Invoking C Code from Golang

The article attempts to explore Golang’s “C” package which allows invoking C code from Golang. Before we get into the idea of invoking C code from Golang, let’s see a use-case where this might be needed.

Interfacing with an existing C library

Let’s consider that we wish to develop a storage engine for pmem (persistent memory) in Golang. In order to develop this, we might want to use pmdk - persistent memory development kit which is written in C. This effectively means we want a way to bridge Golang and C code; invoke C code from Golang.

“C” package in Golang

Go provides a package called “C” to interface with C code. Some features provided by this package include -

  • standard C numeric types
  • access to structs defined in C
  • access to function like malloc and free

C Code

Let’s start by creating a linked list in C which will be later invoked from Golang code. Let’s start with linkedlist.h file which defines a struct called Node, and a set of operations supported by linked list.

struct Node {
    int key;
    int value;
    struct Node *next;
};

void put(int key, int value);
int get(int key);

Our Node struct has a key, and a value which are of type integer and a pointer to the next node. It also supports 2 behaviors put and get.

Let’s add linkedlist.c and add put to begin with.

#include "linkedlist.h"
#include <stdlib.h>

struct Node *head = NULL;
struct Node *current = NULL;

void put(int key, int value) {
    if (head == NULL) {
        head = (struct Node*)malloc(sizeof(struct Node));
        head -> key = key;
        head -> value = value;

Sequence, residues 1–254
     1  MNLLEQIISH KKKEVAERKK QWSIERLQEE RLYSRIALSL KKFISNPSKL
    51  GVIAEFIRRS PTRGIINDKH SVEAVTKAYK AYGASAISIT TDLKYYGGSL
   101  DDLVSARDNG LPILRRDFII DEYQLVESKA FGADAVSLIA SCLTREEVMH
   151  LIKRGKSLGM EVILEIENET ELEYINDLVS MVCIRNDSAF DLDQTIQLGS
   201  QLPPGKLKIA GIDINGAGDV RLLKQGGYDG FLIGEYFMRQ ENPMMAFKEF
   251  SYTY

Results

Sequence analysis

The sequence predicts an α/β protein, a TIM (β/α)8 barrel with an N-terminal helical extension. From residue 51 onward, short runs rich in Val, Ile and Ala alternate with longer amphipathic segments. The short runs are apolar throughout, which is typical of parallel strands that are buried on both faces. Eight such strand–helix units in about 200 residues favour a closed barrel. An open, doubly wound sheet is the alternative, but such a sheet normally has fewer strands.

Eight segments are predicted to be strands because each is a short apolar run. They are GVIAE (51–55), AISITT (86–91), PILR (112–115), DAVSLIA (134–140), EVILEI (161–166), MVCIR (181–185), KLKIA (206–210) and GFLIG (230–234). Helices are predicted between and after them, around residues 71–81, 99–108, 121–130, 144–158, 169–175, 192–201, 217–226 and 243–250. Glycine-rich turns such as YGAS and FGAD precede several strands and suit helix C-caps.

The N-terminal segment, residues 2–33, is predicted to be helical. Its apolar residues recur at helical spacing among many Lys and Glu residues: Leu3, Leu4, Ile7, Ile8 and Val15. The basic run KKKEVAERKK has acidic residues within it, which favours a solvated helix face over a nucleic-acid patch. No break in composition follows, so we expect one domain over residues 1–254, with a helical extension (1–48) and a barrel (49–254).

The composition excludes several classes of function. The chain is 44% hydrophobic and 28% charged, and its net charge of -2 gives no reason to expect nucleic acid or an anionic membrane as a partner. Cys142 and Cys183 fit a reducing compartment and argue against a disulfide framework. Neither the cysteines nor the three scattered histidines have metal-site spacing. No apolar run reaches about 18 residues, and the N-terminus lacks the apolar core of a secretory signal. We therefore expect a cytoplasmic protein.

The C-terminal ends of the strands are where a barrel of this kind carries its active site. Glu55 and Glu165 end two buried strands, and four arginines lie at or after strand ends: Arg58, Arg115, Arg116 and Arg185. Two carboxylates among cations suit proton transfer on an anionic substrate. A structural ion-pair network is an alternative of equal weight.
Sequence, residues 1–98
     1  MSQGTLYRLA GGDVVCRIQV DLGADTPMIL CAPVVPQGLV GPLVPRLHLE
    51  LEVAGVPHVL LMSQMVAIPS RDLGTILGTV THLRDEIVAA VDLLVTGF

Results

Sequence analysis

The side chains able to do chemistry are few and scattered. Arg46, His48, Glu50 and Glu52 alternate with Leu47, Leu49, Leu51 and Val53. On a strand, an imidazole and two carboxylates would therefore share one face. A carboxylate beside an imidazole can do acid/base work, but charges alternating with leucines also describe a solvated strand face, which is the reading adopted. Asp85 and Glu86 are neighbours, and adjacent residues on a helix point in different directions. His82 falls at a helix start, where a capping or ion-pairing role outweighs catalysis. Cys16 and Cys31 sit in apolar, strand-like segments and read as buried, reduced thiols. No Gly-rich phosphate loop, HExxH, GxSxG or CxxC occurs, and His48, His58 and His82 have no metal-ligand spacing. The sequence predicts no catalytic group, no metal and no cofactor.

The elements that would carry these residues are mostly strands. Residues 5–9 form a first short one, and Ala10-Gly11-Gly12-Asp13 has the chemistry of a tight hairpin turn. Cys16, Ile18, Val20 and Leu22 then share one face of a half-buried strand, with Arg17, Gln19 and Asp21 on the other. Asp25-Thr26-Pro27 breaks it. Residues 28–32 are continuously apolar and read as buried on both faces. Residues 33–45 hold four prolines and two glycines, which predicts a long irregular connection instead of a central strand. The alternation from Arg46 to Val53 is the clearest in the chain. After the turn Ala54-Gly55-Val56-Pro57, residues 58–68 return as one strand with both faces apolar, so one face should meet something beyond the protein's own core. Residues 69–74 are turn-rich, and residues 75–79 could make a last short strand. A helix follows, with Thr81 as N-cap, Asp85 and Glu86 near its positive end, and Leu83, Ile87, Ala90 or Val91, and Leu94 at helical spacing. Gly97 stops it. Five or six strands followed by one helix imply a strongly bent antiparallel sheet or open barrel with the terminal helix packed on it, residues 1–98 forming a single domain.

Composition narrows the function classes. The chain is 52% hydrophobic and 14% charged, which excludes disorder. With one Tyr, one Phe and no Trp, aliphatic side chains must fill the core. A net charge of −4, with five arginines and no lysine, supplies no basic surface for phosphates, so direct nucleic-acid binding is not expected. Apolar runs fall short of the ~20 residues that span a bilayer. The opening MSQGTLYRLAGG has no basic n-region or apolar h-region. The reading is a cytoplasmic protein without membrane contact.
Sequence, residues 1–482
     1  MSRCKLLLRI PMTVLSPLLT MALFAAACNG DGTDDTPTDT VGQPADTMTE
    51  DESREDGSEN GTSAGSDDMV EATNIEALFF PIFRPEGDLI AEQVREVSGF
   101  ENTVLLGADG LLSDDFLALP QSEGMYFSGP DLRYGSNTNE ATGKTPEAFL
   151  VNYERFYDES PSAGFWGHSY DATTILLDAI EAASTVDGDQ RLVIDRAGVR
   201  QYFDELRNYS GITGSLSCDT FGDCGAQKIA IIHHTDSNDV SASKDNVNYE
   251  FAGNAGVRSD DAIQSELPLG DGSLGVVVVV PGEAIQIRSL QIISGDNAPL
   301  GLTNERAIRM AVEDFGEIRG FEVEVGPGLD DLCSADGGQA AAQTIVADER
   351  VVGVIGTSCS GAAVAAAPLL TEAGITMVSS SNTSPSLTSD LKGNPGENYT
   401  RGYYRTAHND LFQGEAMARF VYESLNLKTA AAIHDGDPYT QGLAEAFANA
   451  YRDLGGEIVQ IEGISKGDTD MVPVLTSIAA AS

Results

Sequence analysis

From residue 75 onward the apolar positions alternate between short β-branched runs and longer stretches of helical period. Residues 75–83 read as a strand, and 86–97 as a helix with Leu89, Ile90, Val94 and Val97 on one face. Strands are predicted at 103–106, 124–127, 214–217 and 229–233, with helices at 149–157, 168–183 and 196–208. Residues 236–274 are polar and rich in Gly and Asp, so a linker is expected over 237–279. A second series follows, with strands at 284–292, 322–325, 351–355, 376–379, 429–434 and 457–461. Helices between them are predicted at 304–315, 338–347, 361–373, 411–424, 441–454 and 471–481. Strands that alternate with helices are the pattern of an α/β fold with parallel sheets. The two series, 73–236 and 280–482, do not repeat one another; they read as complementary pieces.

current = head;
    }
    else {
        struct Node *next = (struct Node*)malloc(sizeof(struct Node));
        next -> key = key;
        next -> value = value;
        current -> next = next;
        current = next;
    }
}

put does the following -

  • If head is NULL
    • Creates a new node
    • Points head to the new node
    • Assigns key and value to the head
    • Points current to the head
  • Else
    • Creates a new node
    • Assigns key and value to the new node
    • Assigns next of the current node to the new node
    • Points current to the new node

Let’s add get which will return a value by key.

int get(int key) {
    struct Node* node = head;
    while (node->key != key && node != NULL) {
        node = node -> next;
    }
    if (node == NULL) {
        return -1;
    }
    return node -> value;
}

get does the following -

  • Makes a temporary variable node point to head
  • Iterates while node is not NULL and key of the node is not equal to the incoming key
  • If node is NULL, returns -1
  • Else returns the value pointed by node

Time to invoke C code from Golang

Let’s create a file linkedlist.go which will provide Put and GetBy behaviors. These functions will internally invoke C functions.

package linkedlist

// #cgo CFLAGS: -g -Wall
// #include "linkedlist.h"
import "C"

This is how the beginning of our go file looks like -

  • Go package is linkedlist
  • Adding the line #cgo CFLAGS: -g -Wall compiles the C code with gcc options: (-g) which is used to enable debug symbols and (-Wall) which is used to enable all warnings